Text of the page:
Levantine cranium from Manot Cave (Israel) foreshadows the first European modern humans
- Permanent Link:
- Levantine cranium from Manot Cave (Israel) foreshadows the first European modern humans
- Series Title:
- Hershkovitz, Israel
Holloway, Ralph L.
Bar-Yosef Mayer, Daniella
Hans, Mark G.
Weber, Gerhard W.
- Publication Date:
- Subjects / Keywords:
- Biological Anthropology ( local )
Modern Humans ( local )
Irael ( local )
Manot Cave ( local )
Levantine Cranium ( local )
- serial ( sobekcm )
- A key event in human evolution is the expansion of modern humans of African origin across Eurasia between 60 and 40 thousand years (kyr) before present (BP), replacing all other forms of hominins1. Owing to the scarcity of human fossils from this period, these ancestors of all present-day non-African modern populations remain largely enigmatic. Here we describe a partial calvaria, recently discovered at Manot Cave (Western Galilee, Israel) and dated to 54.7 ± 5.5 kyr BP(arithmetic mean ± 2 standard deviations) by uraniumâ€“thorium dating, that sheds light on this crucial event. The overall shape and discrete morphological features of the Manot 1 calvaria demonstrate that this partial skull is unequivocally modern. It is similar in shape to recent African skulls as well as to European skulls from the Upper Palaeolithic period, but different from most other early anatomically modern humans in the Levant. This suggests that the Manot people could be closely related to the first modern humans who later successfully colonized Europe. Thus, the anatomical features used to support the â€˜assimilation modelâ€™ in Europe might not have been inherited from European Neanderthals, but rather from earlier Levantine populations. Moreover, at present, Manot 1 is the only modern human specimen to provide evidence that during the Middle to Upper Palaeolithic interface, both modern humans and Neanderthals contemporaneously inhabited the southern Levant, close in time to the likely interbreeding event with Neanderthals2,3.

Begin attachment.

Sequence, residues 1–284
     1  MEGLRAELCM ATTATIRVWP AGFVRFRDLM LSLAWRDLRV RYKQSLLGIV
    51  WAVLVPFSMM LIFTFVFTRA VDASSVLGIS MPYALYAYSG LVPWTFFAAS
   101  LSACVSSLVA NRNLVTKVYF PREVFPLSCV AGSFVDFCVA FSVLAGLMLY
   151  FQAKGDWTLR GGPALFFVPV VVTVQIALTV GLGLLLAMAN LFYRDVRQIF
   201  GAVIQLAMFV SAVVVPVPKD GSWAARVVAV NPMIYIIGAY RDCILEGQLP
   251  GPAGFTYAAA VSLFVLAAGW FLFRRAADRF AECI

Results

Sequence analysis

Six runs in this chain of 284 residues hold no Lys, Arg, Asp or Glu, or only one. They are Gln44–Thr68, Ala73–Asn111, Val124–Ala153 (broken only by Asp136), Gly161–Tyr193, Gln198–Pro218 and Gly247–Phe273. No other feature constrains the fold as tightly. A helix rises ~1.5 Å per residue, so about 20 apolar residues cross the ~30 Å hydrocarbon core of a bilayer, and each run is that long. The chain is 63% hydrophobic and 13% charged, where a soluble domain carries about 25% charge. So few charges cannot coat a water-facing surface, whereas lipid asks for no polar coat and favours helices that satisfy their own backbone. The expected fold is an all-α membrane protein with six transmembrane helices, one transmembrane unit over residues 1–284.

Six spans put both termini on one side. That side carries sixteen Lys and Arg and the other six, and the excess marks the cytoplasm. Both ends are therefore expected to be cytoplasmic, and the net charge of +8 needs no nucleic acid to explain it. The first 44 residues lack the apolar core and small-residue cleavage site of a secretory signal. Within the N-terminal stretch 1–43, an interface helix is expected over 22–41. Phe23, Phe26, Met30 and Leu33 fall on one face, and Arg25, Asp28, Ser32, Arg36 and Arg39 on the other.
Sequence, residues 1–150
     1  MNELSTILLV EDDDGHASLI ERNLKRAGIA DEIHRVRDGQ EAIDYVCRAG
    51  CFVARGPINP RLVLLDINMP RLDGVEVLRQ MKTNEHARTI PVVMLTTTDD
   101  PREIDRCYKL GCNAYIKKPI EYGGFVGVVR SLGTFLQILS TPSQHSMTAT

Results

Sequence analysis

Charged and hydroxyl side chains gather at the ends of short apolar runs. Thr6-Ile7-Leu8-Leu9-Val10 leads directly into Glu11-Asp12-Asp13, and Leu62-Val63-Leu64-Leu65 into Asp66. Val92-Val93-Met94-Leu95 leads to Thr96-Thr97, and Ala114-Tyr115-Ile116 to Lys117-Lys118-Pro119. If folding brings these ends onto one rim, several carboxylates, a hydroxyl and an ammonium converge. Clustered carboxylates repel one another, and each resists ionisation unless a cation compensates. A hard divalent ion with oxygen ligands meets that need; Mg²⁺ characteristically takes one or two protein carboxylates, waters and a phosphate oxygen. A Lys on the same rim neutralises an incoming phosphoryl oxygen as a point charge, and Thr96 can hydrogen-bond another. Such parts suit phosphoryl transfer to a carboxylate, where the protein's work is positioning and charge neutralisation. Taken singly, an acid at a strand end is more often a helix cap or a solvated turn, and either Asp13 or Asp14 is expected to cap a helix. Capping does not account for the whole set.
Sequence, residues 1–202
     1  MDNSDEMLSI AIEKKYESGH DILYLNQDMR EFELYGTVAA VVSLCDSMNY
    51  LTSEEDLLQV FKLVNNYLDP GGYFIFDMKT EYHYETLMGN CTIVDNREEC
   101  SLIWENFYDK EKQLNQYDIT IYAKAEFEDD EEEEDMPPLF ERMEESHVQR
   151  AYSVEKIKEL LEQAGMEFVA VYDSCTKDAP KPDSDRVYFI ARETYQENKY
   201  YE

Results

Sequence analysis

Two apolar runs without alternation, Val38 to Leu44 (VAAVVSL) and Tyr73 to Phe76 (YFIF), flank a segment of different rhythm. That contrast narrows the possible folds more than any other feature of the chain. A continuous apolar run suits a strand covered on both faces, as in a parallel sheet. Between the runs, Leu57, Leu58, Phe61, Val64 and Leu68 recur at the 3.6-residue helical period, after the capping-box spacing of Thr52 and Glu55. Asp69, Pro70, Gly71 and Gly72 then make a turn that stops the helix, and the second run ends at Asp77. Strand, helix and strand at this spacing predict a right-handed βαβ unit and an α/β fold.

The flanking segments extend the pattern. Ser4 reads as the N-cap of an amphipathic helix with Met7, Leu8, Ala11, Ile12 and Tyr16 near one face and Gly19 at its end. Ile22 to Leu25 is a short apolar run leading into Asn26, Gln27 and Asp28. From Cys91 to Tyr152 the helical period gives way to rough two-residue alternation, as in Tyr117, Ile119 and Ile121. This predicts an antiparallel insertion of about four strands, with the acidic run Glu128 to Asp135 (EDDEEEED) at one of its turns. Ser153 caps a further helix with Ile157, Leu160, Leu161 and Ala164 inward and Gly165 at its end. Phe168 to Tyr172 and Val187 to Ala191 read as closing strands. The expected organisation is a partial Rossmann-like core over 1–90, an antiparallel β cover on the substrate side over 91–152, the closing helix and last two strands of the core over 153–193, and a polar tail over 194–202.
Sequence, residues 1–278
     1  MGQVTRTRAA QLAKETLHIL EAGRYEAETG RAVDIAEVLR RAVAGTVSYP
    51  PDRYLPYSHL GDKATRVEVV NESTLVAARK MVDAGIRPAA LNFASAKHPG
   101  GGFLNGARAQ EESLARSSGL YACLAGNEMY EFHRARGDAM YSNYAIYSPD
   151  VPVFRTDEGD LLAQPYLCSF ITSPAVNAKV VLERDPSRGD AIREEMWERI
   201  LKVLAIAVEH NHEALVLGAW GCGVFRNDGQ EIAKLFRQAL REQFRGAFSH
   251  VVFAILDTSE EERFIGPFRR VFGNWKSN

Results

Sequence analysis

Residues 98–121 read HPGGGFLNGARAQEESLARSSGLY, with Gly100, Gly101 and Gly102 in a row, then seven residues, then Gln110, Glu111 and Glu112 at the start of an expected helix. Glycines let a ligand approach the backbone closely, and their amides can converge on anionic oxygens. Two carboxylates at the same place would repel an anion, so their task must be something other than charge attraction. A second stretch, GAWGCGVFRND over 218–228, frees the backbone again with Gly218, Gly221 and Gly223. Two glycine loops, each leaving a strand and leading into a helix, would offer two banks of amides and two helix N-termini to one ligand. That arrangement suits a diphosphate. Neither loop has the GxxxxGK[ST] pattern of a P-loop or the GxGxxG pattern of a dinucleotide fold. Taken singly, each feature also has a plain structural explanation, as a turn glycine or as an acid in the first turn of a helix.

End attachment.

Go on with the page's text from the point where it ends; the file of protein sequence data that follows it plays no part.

- Original Version:
- Nature, Vol. 520 (2015-01-28).
- Source Institution:
- University of South Florida Library
- Holding Location:
- University of South Florida
- Rights Management:
- This object is protected by copyright, and is made available here for research and educational purposes. Permission to reuse, publish, or reproduce the object beyond the bounds of Fair Use or other exemptions to copyright law must be obtained from the copyright holder.
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